Audit chairs of some of the largest companies in Europe and the US have expressed a great deal of concern about some of the Commission’s considerations on audit policy.
Forward View by Tapestry Networks
In late 2010, the European Commission issued a "green paper"1 entitled Audit Policy: Lessons from the Crisis2 and subsequently received hundreds of comment letters from financial statement preparers, government authorities, academics, audit committees, auditors and others. The green paper is part of the Commission’s effort to explore policies aimed at addressing the root causes of the financial crisis.
While most of the comment letters received were negative, Commissioner Michel Barnier, the senior Commission leader whose policy-making unit is responsible for the green paper, has indicated the status quo is not an option.
The Commission is evaluating a number of aspects of audit policy, including:
- The independence of audit firms, such as whether the auditor should be chosen by a third party (such as a regulator) rather than the audit committee and (or) shareholders; whether the rotation of audit firms (and not just audit partners) should be mandatory; and whether non-audit services provided by audit firms should be prohibited or restricted.
- Audit market concentration and structure, such as whether to increase the involvement of smaller audit firms into the upper end of the market by mandating joint audits with Big Four firms, and exploring whether to break up the Big Four.
- The role of the auditor, such as the type and amount of information the auditor should provide to stakeholders.
In particular, audit chairs of some of the largest companies in Europe and the US have expressed a great deal of concern about some of the Commission’s considerations on audit policy, which some say are “too radical,” and could have “unintended consequences” on their companies’ ability to oversee the audits of their companies.
European audit chairs have also expressed dismay that the role of the audit committee was not discussed in the green paper.3 Some worry that they may lose certain responsibilities, such as overseeing the selection of the external auditor.
One audit chair said, “I was elected to the board to make these decisions. If I’m not good at it, then I need to be removed.”
How might this affect US audit committees?
The Commission has made it clear that it intends to take up these issues with governments and regulators in other markets, including the US.
The green paper states: “The Commission is keen to assume leadership at the international level on this debate and will seek close cooperation from its global partners within the Financial Stability Board and the G20.”4 If the considerations raised in the green paper are legislated, they would affect companies with subsidiaries in Europe as well as likely trigger a ripple effect that could influence policy makers internationally.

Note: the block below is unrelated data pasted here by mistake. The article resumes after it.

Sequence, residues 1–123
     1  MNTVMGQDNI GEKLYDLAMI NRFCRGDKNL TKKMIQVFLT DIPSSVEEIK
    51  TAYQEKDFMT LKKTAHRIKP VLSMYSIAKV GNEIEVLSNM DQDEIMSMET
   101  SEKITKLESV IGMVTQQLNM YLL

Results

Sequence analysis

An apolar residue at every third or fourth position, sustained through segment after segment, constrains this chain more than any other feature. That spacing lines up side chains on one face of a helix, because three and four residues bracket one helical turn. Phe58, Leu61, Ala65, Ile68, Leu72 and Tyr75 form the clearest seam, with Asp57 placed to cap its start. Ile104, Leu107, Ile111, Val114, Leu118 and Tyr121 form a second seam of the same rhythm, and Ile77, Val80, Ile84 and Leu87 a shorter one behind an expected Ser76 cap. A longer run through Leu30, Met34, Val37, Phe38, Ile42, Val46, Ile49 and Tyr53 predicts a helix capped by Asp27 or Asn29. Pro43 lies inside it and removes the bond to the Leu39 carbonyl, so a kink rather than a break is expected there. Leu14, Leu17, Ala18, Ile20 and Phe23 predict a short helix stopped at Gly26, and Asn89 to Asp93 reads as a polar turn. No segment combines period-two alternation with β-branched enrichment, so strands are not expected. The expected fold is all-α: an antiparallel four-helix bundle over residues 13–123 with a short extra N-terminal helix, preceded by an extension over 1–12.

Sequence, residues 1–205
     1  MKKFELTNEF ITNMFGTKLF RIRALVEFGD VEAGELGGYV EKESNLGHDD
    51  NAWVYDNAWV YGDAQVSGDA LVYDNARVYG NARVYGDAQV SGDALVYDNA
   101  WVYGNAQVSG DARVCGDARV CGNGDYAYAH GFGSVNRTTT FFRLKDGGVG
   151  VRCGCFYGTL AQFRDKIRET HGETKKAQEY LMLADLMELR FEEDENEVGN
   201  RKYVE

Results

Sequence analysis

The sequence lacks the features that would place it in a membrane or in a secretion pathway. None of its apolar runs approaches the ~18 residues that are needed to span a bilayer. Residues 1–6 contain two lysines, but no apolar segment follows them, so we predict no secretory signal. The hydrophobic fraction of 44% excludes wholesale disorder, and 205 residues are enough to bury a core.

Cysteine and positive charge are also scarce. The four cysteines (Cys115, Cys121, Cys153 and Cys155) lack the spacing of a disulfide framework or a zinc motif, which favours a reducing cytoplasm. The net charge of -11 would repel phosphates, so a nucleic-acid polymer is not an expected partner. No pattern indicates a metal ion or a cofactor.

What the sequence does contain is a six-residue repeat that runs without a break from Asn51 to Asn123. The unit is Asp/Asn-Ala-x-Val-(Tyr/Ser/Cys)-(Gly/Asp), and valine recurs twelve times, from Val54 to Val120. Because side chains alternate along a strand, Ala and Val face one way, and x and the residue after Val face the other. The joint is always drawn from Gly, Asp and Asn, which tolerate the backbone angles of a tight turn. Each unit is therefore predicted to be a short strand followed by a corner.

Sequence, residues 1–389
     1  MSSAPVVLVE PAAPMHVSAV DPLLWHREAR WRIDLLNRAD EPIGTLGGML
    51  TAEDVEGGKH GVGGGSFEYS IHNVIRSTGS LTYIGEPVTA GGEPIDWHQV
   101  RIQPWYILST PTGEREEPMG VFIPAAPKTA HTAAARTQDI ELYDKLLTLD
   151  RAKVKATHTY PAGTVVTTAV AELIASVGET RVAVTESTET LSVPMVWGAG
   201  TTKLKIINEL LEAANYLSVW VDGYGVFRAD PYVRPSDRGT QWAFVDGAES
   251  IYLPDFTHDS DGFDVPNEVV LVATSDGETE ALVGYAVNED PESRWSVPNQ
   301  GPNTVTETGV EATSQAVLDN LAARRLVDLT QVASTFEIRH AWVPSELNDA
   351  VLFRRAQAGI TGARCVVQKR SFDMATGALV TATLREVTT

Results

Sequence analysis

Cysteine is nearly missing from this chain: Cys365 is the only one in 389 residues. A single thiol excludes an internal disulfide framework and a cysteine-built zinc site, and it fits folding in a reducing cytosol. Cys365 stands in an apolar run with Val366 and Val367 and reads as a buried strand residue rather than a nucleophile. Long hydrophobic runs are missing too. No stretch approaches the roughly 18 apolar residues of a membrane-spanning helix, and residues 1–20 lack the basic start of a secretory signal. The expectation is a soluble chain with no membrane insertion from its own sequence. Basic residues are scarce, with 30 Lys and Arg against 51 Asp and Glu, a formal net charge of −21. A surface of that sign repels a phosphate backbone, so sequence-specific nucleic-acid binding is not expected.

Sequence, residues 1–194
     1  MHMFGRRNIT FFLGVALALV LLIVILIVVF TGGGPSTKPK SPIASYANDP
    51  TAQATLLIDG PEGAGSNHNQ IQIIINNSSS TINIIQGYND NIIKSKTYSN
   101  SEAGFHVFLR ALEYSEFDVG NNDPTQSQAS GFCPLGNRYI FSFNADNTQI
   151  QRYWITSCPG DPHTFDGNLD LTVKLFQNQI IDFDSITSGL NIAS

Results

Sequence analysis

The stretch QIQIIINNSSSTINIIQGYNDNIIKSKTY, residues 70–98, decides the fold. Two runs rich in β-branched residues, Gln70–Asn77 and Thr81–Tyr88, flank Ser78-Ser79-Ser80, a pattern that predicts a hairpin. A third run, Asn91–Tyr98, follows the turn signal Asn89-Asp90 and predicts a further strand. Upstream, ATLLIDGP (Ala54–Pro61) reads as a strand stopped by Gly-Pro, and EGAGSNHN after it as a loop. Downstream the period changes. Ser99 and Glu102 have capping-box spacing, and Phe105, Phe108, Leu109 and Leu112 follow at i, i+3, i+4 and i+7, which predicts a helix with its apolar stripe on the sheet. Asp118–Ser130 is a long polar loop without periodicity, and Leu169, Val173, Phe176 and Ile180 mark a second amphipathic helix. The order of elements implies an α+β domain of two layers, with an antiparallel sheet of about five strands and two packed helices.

How US policy makers will respond to the EU’s effort to change the audit profession remains unclear.
To date, one issue has gained traction in the US: the form and presentation of the auditor’s reporting model. The PCAOB is reassessing the current approach and is expected to issue a concept release in the second quarter of 2011.
In a statement about that project, PCAOB Chairman James R. Doty said, “We heard from investors that they want more information in the auditor’s report. Investor dissatisfaction with the current auditor’s reporting model should concern other constituents as well, including preparers, auditors and regulators.”5
While the European Commission’s formal comment period for this green paper has closed, US audit committees and their companies can continue to submit their views to the European Commission, as well as comment on any proposals that emerge from the European Parliament.
Similarly, companies may comment on any related proposals by regulators in the US. The PCAOB’s proposal on the auditor’s reporting model, for example, will have a period of public comment.
Public companies and their audit committees are encouraged to examine and comment on these proposals so that their voices are heard in the debate.
1 A green paper is a publication consultation document early in the European Union’s legislative process.
2 European Commission, Audit Policy: Lessons from the Crisis.
3 Audit chairs also expressed frustration that the role of the audit committee was not discussed in the Commission’s more recent green paper, “The EU corporate governance framework,” issued in April 2011.
4 European Commission, Audit Policy: Lessons from the Crisis, page 3.
5 James R. Doty, “PCAOB Discussed Changes to the Auditor’s Reporting Model in Preparation for Concept Release.”
Forward View is prepared by Tapestry Networks. Views expressed by Tapestry Networks are those of Tapestry Networks and not necessarily of any Ernst & Young member firm. Tapestry Networks convenes seven audit committee networks sponsored by Ernst & Young that collectively consist of nearly 150 individuals, who chair more than 200 audit committees and sit on over 300 boards at some of the world’s most admired companies. Ernst & Young refers to the global organization of member firms of Ernst & Young Global Ltd., each of which is a separate legal entity. Ernst & Young LLP is a client-serving member firm in the US.
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